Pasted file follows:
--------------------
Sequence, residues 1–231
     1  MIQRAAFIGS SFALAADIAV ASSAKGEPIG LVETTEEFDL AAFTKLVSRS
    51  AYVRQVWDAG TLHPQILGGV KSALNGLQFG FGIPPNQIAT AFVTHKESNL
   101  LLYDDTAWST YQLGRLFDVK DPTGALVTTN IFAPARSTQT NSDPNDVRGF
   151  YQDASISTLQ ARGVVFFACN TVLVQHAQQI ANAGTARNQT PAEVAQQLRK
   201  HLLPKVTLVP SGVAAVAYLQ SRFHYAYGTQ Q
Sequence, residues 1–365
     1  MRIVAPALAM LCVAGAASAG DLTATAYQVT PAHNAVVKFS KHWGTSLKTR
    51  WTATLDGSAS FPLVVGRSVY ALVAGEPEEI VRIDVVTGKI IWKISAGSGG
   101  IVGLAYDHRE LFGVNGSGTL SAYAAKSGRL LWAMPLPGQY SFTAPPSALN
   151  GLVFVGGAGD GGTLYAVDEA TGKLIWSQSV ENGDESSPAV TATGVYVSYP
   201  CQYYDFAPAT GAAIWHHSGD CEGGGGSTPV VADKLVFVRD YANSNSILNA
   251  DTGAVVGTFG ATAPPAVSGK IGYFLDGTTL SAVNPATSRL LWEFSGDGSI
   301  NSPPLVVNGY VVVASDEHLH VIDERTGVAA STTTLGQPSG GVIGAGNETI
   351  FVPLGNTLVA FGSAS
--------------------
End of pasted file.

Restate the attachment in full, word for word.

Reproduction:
Sequence, residues 1–231
     1  MIQRAAFIGS SFALAADIAV ASSAKGEPIG LVETTEEFDL AAFTKLVSRS
    51  AYVRQVWDAG TLHPQILGGV KSALNGLQFG FGIPPNQIAT AFVTHKESNL
   101  LLYDDTAWST YQLGRLFDVK DPTGALVTTN IFAPARSTQT NSDPNDVRGF
   151  YQDASISTLQ ARGVVFFACN TVLVQHAQQI ANAGTARNQT PAEVAQQLRK
   201  HLLPKVTLVP SGVAAVAYLQ SRFHYAYGTQ Q
Sequence, residues 1–365
     1  MRIVAPALAM LCVAGAASAG DLTATAYQVT PAHNAVVKFS KHWGTSLKTR
    51  WTATLDGSAS FPLVVGRSVY ALVAGEPEEI VRIDVVTGKI IWKISAGSGG
   101  IVGLAYDHRE LFGVNGSGTL SAYAAKSGRL LWAMPLPGQY SFTAPPSALN
   151  GLVFVGGAGD GGTLYAVDEA TGKLIWSQSV ENGDESSPAV TATGVYVSYP
   201  CQYYDFAPAT GAAIWHHSGD CEGGGGSTPV VADKLVFVRD YANSNSILNA
   251  DTGAVVGTFG ATAPPAVSGK IGYFLDGTTL SAVNPATSRL LWEFSGDGSI
   301  NSPPLVVNGY VVVASDEHLH VIDERTGVAA STTTLGQPSG GVIGAGNETI
   351  FVPLGNTLVA FGSAS